Moshe had not been quick to accept the mission. He deliberated and protested to the point that God grew angry with him. However, this anger made no impression – because the Torah reflects recognition of the fact that to deliberate and doubt is to be human. Even if a person draws the process out endlessly, incurring God’s anger, ultimately what matters in God’s eyes is the result of his actions and how he decides the matter one way or the other; in the determination that he shows in carrying out his given task.

Hence, there is no point in setting deliberations and doubts in stone. Rather, the Torah commemorates them retroactively in their formulation as thanksgiving and praise. Moshe did dare to argue, but in the end he also dared to decide. He also proved his wholehearted reconciliation with his decision, through his utter devotion to the very end.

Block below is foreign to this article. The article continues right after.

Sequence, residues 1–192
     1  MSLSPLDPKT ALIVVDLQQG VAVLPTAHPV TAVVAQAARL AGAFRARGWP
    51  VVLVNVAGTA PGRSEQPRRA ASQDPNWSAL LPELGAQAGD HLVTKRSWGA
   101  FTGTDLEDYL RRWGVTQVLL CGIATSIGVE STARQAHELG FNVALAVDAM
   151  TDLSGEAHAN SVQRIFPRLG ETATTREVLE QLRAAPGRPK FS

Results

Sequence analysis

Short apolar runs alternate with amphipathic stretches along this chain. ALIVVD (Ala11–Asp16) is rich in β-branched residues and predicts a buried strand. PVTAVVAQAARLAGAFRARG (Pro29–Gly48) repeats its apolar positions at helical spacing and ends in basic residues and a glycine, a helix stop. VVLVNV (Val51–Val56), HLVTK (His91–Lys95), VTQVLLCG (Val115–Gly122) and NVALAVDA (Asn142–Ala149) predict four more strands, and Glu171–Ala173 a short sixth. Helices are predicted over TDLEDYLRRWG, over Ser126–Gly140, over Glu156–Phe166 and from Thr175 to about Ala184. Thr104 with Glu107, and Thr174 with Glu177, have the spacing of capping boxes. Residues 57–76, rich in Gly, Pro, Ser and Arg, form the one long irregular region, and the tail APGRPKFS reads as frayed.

Translated by Kaeren Fish

 

 


[1]  R. Yoel bin-Nun addresses the similarity between the life story of Yosef and that of Moshe in his article, “Maavak Ha-Zehut shel Moshe: Eizeh Yeled lo Nimol U-Madu’a?” Megadim 50, n. 28. We will refer to his article below.

[2]  R. Yaakov Medan, Ki Karov Eleikha, pp. 34-42, proposes the first interpretation, while R. Yoel bin-Nun (see above, n. 1) argues for the second. However, he offers no explanation for Moshe’s opposition to the mission that God wants to entrust him with.

[3]  R. Ze’ev Witman, in his article “Beni Bekhori Yisrael,” Megadim 48, pp. 37-45, develops the idea proposed by Rashbam and Shadal that the incident in the lodge on the way to Egypt, in which Moshe nearly loses his life, is a punishment for his reluctance to take on God’s mission.

[4]  R. Yosef Bekhor Shor (cited in R. bin-Nun’s article [see n. 1 above], n. 30) explains that Moshe gave this name to his second son and not the first, after he knew he had been saved completely from Pharaoh’s decree of death. However, this fails to explain why the Torah conceals the name up until the meeting with Yitro. When Eliezer was born, Pharaoh was already dead – as God had informed Moshe.

[5] See M. Garsiel, Midreshei Shemot Ba-Mikra (Ramat-Gan, 1978). See also Yoel Elitzur, Makom Be-Parasha, p 71, concerning the names of the sons of Yaakov.